After several high-profile defections, Google is backpedaling somewhat on its coming fees for using the Google Maps API. The company has significantly reduced the charges it plans to levy on large-scale users, dropping the price from $4 per 1,000 map loads to $.50 per 1,000 map loads (once the site has passed the 25,000-a-day free limit).
The move comes after several big names — including FourSquare and Apple — publicly ditched Google Maps in favor of OpenStreetMap. While neither Apple nor FourSquare has explicitly cited the price increase as a factor in its decision, Google’s Geo Developer blog makes it clear that price was a factor for some users.
“We’ve been listening carefully to feedback,” reads the announcement, which goes on to add “some developers were worried about the potential costs.”
The vast majority of maps hackers and casual developers will probably never be affected by the coming Google Maps pricing structure since the Google Maps API will still be free for the first 25,000 views per day. According to Google only 0.35 percent of sites using the Maps API regularly exceed those limits.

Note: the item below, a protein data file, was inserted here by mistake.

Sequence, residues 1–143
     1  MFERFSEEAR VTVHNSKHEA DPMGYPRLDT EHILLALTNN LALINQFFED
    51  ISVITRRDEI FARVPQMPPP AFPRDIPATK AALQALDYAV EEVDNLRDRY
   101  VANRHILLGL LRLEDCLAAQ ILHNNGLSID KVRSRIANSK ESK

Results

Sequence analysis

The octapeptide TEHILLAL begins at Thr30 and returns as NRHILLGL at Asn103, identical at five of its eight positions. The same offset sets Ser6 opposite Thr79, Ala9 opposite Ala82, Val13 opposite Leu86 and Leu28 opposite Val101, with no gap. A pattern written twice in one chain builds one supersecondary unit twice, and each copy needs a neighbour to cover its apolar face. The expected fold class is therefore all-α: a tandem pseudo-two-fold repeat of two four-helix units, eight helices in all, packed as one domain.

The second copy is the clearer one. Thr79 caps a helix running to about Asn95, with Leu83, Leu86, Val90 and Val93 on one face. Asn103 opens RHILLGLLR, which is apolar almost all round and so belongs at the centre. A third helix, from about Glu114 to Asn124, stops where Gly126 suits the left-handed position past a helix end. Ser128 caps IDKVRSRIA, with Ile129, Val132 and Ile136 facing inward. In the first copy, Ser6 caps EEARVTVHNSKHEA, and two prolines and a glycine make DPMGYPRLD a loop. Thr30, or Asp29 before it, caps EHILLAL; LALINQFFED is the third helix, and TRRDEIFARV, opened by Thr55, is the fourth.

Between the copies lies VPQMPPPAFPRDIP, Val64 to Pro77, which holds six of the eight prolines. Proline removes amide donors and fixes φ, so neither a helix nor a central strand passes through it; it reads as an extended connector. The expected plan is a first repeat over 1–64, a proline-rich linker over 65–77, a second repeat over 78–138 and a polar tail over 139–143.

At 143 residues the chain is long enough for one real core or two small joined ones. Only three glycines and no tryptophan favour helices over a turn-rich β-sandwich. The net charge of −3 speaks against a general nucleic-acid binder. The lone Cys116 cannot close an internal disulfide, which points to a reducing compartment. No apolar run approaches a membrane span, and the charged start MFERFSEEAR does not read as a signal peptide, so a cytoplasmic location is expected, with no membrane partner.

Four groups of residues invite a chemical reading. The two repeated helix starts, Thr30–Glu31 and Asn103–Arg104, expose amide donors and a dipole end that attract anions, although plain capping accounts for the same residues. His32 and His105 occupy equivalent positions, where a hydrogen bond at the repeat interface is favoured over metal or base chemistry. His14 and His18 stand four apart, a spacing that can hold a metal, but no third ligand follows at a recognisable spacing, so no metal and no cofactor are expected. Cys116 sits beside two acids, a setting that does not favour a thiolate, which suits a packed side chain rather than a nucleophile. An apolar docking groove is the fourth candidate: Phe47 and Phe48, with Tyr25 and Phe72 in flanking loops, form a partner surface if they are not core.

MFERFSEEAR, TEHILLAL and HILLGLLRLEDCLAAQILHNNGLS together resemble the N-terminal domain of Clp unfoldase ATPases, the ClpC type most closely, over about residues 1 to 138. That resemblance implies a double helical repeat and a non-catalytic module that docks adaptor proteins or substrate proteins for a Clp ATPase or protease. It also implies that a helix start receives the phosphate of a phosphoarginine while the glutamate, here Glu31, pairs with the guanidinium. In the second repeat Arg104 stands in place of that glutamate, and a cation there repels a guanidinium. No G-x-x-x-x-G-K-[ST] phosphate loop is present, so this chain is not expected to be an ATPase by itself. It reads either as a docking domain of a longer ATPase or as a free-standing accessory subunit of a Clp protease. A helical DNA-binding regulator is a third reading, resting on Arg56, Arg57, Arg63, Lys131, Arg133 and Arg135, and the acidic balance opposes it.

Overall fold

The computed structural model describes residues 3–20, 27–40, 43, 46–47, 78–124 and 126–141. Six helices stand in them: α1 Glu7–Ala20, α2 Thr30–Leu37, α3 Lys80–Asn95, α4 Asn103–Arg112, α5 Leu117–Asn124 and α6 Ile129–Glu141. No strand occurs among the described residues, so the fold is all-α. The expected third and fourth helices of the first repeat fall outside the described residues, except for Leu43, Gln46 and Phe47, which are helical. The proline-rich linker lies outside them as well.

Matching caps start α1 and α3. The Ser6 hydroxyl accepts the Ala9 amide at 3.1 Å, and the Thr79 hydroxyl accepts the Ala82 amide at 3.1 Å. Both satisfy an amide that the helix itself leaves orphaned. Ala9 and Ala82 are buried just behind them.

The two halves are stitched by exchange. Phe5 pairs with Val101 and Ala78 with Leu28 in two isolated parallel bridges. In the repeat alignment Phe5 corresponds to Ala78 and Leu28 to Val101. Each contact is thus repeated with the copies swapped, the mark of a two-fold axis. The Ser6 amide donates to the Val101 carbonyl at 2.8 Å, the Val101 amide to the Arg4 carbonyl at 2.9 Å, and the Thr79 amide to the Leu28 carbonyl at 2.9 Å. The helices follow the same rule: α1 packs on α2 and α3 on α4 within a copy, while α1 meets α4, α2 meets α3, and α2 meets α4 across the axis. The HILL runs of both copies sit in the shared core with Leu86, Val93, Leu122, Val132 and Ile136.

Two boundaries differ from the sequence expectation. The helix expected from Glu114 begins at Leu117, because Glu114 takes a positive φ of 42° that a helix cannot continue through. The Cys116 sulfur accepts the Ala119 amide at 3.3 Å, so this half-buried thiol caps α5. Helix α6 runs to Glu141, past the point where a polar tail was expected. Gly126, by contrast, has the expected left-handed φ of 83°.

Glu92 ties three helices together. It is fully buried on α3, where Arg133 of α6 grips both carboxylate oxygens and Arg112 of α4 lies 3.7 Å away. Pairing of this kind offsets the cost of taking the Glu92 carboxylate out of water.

Still, for developers who dream of creating a wildly successful site that does reach those traffic numbers, the Google Maps API will soon be another cost to factor into the plan. And that may be enough to dissuade some from using Google Maps. The price drops may help, but it’s going to be increasingly difficult for big services to justify even the lower price of the Google Maps API when OpenStreetMap is available for free.